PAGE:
This is not to say that this hasn’t happened in the past, but I think a lot of the focus in the past has been on curriculum development, which is field-tested a lot. But curriculum development very seldom overlaps with faculty research interests. And so as we are starting to think more about supporting faculty research interests, the field testing becomes less of the focus and more of the focus is on evaluating learning that happens in the context of those outreach activities that are enabled by the research projects.
What outreach is CeMaST doing?
Traditionally speaking a lot of CeMaST outreach has been the providing of professional development for STEM teachers all throughout the state. We run a few programs that I would classify as outreach, although I would argue that they still support our research endeavors on campus. One of them is the Illinois Summer Research Academy. And that’s the one that brings high schoolers here for a week to work in faculty members’ labs and being mentored as they do authentic research in their areas of interest. And so we have faculty members from computer science, biology, mathematics, chemistry who all participate in the Academy.
Another one is that we put on the High School Research Symposium every spring. Teams of high schoolers come from all over the state in order to present the research that they’ve done in their high school classrooms. We judge their poster presentations, we show them what it’s like to be on a college campus, and the judges provide valuable feedback on their presentations.
Is the center still doing the Smart Grid program as well?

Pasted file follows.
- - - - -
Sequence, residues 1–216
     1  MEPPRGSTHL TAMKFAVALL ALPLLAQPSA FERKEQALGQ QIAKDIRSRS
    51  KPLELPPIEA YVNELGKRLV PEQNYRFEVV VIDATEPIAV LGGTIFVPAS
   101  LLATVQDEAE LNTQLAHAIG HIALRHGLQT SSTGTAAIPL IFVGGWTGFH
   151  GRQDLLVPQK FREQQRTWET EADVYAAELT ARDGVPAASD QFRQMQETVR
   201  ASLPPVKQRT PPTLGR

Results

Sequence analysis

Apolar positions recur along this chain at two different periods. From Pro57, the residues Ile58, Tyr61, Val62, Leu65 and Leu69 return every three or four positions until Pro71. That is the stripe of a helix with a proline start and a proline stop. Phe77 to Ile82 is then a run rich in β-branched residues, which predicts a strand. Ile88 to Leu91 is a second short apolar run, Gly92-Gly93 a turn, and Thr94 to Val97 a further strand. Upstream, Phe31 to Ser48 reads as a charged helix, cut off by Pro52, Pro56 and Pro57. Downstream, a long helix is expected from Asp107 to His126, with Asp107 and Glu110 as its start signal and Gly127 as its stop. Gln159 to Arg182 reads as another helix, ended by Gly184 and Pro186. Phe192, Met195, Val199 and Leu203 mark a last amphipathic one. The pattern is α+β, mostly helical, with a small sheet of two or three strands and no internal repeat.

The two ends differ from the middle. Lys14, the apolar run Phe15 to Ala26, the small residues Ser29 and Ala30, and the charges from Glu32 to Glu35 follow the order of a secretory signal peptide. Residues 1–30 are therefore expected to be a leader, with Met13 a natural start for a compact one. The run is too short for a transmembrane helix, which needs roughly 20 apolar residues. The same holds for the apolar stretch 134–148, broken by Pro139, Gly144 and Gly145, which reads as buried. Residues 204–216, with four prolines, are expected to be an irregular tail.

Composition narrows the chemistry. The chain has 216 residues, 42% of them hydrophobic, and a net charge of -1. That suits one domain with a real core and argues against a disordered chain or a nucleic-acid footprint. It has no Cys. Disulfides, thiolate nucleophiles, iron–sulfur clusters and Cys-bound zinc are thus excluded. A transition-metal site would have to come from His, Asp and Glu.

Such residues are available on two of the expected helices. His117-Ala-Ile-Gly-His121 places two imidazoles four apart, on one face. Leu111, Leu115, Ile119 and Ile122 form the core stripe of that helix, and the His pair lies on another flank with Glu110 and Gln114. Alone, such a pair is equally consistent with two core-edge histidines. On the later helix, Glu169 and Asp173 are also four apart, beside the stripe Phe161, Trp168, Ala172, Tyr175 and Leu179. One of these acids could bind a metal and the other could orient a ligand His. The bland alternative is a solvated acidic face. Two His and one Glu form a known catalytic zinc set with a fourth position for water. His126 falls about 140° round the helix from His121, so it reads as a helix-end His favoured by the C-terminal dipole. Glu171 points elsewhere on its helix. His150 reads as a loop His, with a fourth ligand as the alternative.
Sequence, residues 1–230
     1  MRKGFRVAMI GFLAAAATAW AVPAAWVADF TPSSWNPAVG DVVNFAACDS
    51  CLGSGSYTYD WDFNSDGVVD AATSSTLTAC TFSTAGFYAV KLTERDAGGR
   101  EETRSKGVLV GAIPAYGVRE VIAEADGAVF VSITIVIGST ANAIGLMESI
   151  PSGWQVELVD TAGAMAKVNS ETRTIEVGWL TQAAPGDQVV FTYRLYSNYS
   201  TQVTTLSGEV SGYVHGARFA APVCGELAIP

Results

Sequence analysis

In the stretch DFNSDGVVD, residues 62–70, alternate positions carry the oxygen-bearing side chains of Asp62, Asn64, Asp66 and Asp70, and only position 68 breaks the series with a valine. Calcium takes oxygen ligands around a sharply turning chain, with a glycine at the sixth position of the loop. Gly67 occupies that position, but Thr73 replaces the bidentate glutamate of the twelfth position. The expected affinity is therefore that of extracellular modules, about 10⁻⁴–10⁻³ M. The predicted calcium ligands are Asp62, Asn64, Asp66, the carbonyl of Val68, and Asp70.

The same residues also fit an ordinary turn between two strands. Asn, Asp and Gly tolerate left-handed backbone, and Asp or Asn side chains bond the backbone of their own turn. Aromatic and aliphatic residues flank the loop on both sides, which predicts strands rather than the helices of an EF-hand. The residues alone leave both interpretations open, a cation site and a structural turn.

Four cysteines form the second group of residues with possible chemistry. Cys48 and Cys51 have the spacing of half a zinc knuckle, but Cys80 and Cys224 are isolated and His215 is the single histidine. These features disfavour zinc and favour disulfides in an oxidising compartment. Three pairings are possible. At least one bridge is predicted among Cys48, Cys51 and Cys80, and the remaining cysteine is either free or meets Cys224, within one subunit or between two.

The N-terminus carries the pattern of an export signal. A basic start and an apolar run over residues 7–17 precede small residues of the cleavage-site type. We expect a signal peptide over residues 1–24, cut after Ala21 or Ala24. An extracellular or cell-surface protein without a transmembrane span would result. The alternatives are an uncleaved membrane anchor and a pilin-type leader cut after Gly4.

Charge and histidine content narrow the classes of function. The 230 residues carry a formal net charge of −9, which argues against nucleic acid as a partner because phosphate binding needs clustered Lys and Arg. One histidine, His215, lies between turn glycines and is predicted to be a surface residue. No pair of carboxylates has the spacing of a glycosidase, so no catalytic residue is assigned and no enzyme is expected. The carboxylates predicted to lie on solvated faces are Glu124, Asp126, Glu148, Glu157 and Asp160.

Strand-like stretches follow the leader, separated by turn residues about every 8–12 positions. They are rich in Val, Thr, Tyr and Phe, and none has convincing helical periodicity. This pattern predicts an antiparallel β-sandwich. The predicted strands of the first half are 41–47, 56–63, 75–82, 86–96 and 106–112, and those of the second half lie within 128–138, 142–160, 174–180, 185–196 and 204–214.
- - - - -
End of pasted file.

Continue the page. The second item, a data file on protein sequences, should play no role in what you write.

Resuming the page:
Yes, we’ve just got funded for another year. And basically, the goal of Smart Grid is to teach kids K through 12, and hopefully their parents too, about making wise energy decisions in their home. And we’re starting to turn toward also energy-related careers. We’ve essentially constructed these sets that go out to schools. There’s a curriculum that accompanies the set, and teachers can get trained on teaching with the curriculum in the set, and then once they do that, they can check out the sets and we ship them to their schools.
How does CeMaST support faculty research on campus?
The pennycress project is a good example of how we support the research that’s happening on campus. With that particular project, the goal is to improve pennycress dramatically so that it is viable as a cash cover crop for farmers to diversify their economic portfolio. But right now pennycress has a bad rap. It’s seen as a weed; it’s something that farmers spray for. And if they’re ever going to be convinced that it should be something that they should purposefully plant on their fields then there needs to be education and outreach to build that bridge. And so, CeMaST is part of that grant, in which we are writing 4-H curricula, teaching 4-H SPIN (Special Interest) Clubs, testing the efficacy of those SPIN Clubs, and also making use of agricultural lessons that are already out there in the ether and really adapting them for cover crops or adapting them to highlight the potential of pennycress.
All of that work occurs here with CeMaST staff. And what that does is it enables big projects like the (pennycress) project to have people whose expertise is in STEM education really committed to that goal of the project, rather than the geneticists and the graduate students being pulled away from the science in order to do the outreach.